Okay, so you’ve decided to get the gaming monitor you’ve always dreamed of. What next? Gaming monitors can be pretty expensive, so if you’re like me, you want to know what’s the best one for you. In gaming monitors size matters, and most of it comes down to personal preference. For the average gamer like me a 28-inch monitor works fine.
I have a model LU28590DS/ZA (UHD) but it’s pretty pricey at around $400, and there are comparable 28-inch models available that are cheaper. My first choice is the cheaper 28-inch monitor from Samsung, model LU28E570DS/ZA (on Amazon if you want to take a look), which is about $140 cheaper, but it comes with a few caveats. I also have a smaller 23-inch monitor that is mentioned later in this article (Or you can jump to it with this link) since a 28-inch monitor is not for everyone nor is it well-suited for every game.
First of all, I have to confess that I’m sold on Samsung monitors. The litmus test for me is to walk into several stores and see what monitors look the best. The ones that always stand out to me are Samsung monitors so that’s what I always buy.
The biggest reason I like this 28-inch monitor is because of its big screen, not only for playing games but also for everyday applications like spreadsheets, you can display a lot more data simply because of the larger screen size.
I did my research though and there are a few valid arguments against getting a screen bigger than 23 inches for gaming, with the two biggest cons being the sheer size of the screen and blurry graphics.
The disadvantage to the larger size of the screen is that you may have to do some “head swiveling” to take in the full scene of the game. Gamers playing First Person Shooters don’t like this, especially in multiplayer games, because by the time you’ve taken everything in, you’re already dead from that guy (or gal) using a smaller screen who can see everything at a glance. I sit about 28 inches from my monitor and there is some “head swiveling,” or at least eye movement from side-to-side in order to take everything in. For a slower paced game like a strategy game that’s not a problem, especially if the game has a pause feature.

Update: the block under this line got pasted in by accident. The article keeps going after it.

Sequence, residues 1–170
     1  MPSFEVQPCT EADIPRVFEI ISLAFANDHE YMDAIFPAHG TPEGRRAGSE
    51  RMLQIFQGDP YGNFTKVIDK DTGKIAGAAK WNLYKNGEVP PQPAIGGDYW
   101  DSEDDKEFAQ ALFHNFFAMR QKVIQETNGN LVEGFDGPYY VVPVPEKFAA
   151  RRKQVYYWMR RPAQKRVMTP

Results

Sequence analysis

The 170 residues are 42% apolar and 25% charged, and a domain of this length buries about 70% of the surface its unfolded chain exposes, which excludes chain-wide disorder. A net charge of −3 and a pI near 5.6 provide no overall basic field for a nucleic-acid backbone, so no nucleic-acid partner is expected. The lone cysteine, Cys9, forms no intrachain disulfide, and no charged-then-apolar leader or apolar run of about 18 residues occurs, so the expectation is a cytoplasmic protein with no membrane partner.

The other complaint, blurry graphics and text, is also a valid concern. Since I sit relatively close to my monitor I can read most text based dialog easily and sitting at that distance means I don’t have any problems with blurry graphics either, although sitting any closer does result in some blurring and graininess when game playing. Some games are experimenting with UI scaling, which allows you to increase the size of the user interface, icons and all, to a more readable scale if that’s an issue. I’ve found that to be very useful whenever I decide I want to play games on my 55-inch big screen TV, and I have used it on occasion for the 28-inch monitor. That’s a very nice feature if the game has it.
How big can the monitor be without overpowering your senses? In my opinion anything over 28 inches would be unmanageable unless it’s curved, I imagine I could adjust to a 34-inch screen if it is curved (this is the maximum desktop size recommended by most experts). To me, the ultimate joy is playing a game on as big a screen as I can without going overboard and overpowering my senses, so a 28-inch screen size works perfectly for me.
Something else to consider when shopping for a monitor is response times and input lag (there is a difference between the two) since they are important. Response time is the amount of time it takes for monitor pixels to change color, the lower the time the better. A high response time creates the possibility of images blurring on the monitor during movement, such as when playing a first-person shooter (FPS). Response times of 8ms or less are good targets if your main intent is using the monitor for gaming. The Samsung monitor we’re looking at has a response time of 1 ms, the same as the monitor I use, well within the recommended specs.